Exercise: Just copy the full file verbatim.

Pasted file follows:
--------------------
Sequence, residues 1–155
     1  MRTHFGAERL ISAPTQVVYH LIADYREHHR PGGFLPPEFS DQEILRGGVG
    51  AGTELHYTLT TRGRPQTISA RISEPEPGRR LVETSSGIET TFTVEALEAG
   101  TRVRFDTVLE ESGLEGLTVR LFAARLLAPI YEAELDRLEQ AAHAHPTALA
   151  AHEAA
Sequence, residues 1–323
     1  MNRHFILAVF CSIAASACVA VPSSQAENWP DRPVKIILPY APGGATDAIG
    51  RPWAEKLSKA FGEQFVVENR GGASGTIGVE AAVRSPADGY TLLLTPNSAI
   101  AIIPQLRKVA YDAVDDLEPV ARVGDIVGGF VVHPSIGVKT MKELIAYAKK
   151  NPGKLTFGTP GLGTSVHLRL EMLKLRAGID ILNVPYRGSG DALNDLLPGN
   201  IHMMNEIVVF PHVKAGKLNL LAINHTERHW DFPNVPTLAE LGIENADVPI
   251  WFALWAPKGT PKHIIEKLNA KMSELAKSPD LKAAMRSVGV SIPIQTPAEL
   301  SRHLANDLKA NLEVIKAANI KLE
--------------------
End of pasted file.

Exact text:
Sequence, residues 1–155
     1  MRTHFGAERL ISAPTQVVYH LIADYREHHR PGGFLPPEFS DQEILRGGVG
    51  AGTELHYTLT TRGRPQTISA RISEPEPGRR LVETSSGIET TFTVEALEAG
   101  TRVRFDTVLE ESGLEGLTVR LFAARLLAPI YEAELDRLEQ AAHAHPTALA
   151  AHEAA
Sequence, residues 1–323
     1  MNRHFILAVF CSIAASACVA VPSSQAENWP DRPVKIILPY APGGATDAIG
    51  RPWAEKLSKA FGEQFVVENR GGASGTIGVE AAVRSPADGY TLLLTPNSAI
   101  AIIPQLRKVA YDAVDDLEPV ARVGDIVGGF VVHPSIGVKT MKELIAYAKK
   151  NPGKLTFGTP GLGTSVHLRL EMLKLRAGID ILNVPYRGSG DALNDLLPGN
   201  IHMMNEIVVF PHVKAGKLNL LAINHTERHW DFPNVPTLAE LGIENADVPI
   251  WFALWAPKGT PKHIIEKLNA KMSELAKSPD LKAAMRSVGV SIPIQTPAEL
   301  SRHLANDLKA NLEVIKAANI KLE